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Kathy Rainsbury February 2008

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1 Kathy Rainsbury February 2008
Knee Examination Kathy Rainsbury February 2008

2 How to diagnose a knee complaint - HISTORY
1) Patient’s age + sex 2) Does the knee swell? 3) Is there a mechanical problem?

3 Age + sex Age Group Males Females 0-12 Discoid lateral meniscus 12-18
Osteochondritis dissecans Osgood-Schlatter’s 1st patella dislocation 18-30 Longitudinal meniscal tears Recurrent dislocation patella Chondromalacia patellae Fat pad injury 30-50 Rheumatoid arthritis 40-55 Degenerative meniscus lesions 45+ Osteoarthritis

4 Swelling? Effusion Absence of effusion
presence of pathology which must be investigated XS synovial (inflammatory) fluid/ blood/ pus Absence of effusion Does not exclude pathology, but less likely. Long-standing meniscus lesions/ OA

5 Mechanical problem? Hx of initial injury ‘mechanism’ Knee ‘give way’?
Degree + direction + incapacity Knee ‘give way’? Going down stairs/ jumping : cruciate ligament Twisting/ walking/ uneven ground: meniscus Knee ‘locks’? NEVER locks in full extension Full flexion but limited extension – FB + meniscal (‘click’) Pain When? Localise?

6 Investigations Examine other joints (? Rheumatoid/ psoriasis + other inflammatory arthropathies) Aspiration + culture of fluid Bloods Xray joint (? use) CXR (if ? TB) MRI EUA Arthroscopy                                                                

7 Examination Look Measure Feel Move

8 Surface anatomy Hollows at side of patella ligament in flexed knee lie over joint line.

9 Surface anatomy 2 - Joint line 10 1 5
Nb suprapatellar bursa communicates with knee joint proper – therefore can milk fluid down in fluid displacement test - Joint line 5

10 Inspection (ant. + post.)
Symmetry Swelling/ bruising/ scars/ rash/ deformity/ wasting/ bursae (Heat) Patella position – quads/ extensor apparatus intact? Swelling – - Localised (bursitis/ meniscal cysts) – image carpenters knee (or parson’s knee to pray)– infrapatellar bursitis - suprapatellar bursitis ‘housemaid’s knee’ -confined to synovial cavity (effusion, haemarthrosis, pyarthrosis/ SOL) - generalised (infection/ tumour/ major injury) Bruising – soft tissues, not normally with meniscal linjuries Rash – psoriasis Wasting – pain/ instability/infection/RA Bursae – in popliteal region, cystic swelling – most commonly semi-membranous bursa Feel heat with back of hand Hand under knee – press leg against hand - ? Quads function ok SLR – to check extensor apparatus with knees hanging over edge of couch

11 Measure Quads circumference
If concerned muscle wasting – 18cm above joint line

12 Palpate Effusion – patellar tap Fluid displacement Tenderness
Bend knee – joint line Collateral ligaments Tibial tubercle Femoral condyles Evacuate supra-patellar pouch 15cm above knee Click on patella tap – effusion (NB tense effusion – negative) Localised tenderness along joint line commonest in meniscus, collateral ligament + fat pad injuries –seen in OA/ Pre-menstrual fluid retention (cured by fat pad excision) Tibial tuberosity – osgood schlatters (10-16y.os, usually settles with epiphyseal closure) / acute avulsion patella ligament Femoral condyles – osteochondritis dissecans, esp medial condyle. – teenage males, impingement of fem condyle against tibial spines/ cruciate ligs – AVN.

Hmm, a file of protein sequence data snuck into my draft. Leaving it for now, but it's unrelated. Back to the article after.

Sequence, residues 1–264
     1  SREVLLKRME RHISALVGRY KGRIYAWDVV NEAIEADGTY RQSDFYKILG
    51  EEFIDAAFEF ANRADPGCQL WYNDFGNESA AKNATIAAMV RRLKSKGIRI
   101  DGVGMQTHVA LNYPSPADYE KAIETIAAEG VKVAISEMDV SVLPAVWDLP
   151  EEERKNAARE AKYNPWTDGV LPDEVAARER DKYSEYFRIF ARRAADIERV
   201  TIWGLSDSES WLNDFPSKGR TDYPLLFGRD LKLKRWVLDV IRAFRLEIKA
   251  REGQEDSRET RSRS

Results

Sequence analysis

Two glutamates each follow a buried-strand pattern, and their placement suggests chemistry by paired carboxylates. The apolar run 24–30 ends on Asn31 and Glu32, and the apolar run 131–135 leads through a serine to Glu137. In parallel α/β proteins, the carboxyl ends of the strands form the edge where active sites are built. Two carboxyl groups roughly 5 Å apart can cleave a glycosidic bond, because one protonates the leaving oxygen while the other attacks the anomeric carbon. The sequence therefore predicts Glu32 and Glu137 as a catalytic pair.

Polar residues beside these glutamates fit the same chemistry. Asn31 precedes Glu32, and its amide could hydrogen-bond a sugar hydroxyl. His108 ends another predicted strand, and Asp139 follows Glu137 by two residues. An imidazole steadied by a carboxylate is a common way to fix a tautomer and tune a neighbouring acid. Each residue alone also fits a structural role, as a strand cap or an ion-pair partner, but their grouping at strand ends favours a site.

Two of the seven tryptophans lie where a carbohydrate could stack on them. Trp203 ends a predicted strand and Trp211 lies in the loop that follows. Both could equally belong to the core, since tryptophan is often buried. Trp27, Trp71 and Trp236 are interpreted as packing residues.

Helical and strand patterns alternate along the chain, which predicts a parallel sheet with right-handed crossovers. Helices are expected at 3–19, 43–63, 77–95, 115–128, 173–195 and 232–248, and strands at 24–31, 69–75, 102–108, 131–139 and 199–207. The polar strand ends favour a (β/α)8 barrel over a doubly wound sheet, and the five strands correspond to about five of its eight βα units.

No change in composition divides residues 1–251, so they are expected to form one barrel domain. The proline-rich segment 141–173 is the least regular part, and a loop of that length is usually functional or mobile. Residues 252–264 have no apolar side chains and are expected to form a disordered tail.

13 Move Active + passive Extension – 0 deg (? Hyperextension)
Flexion – 135 deg Extension – springy block – bucket handle meniscus tear - Rigid block – arthritic (fixed flexion deformity) Hyperextension – Ehlers danlos syndrome, Charcot’s disease + polio (rare), girls esp. – high patella, chondromalacia patellae, recurrent dislocation, sometime tears ant. Cruciate, medial meniscus or medial ligament. Ballet + high-heels – retard upper tibial epiphyseal growth.

14 Move - instability 1) Valgus stress test (+ve if medial lig torn)
2) Varus stress test ( +ve lat lig torn) 3) Anterior Drawer test (+ve if ant cruciate torn) Or Lachman test 4) Posterior Drawer test (+ve if post cruciate torn)

15 Instability - rotatory
MacIntosh test / pivot shift test (difficult if patient not under anaesthesia) MacIntosh – fully extend knee, hold foot in internal rotation, apply valgus stress, gradually flex knee, will jerk at 30 deg as tibial condyle reduces - if rotatory instability. – seen in ACL rupture, anterolateral displacement tibia then on further flexion, shifts back as ITB goes from extensor to flexor.

16 Menisci Feel for clicks, listen for crepitus
McMurrays test – medial + lateral menisci (or Apley’s grind test) Medial McMurray’s – leg flexed, foot EXTERNALLY rotated, hip aBducted, - clicks + grating felt while leg smoothly extended Lateral McMurray’s – lef flexed, foot INTERNALLY rotated, hip abducted – as above. Meniscal injuries – meniscal tears in young adult, degenerative lesions in middle age Meniscal cysts – firm on palpation joint line, tender on deep pressure – usually lateral side.

17 And finally… Gait Genu varum ‘varus my pig?’ Genu valgus varus valgus


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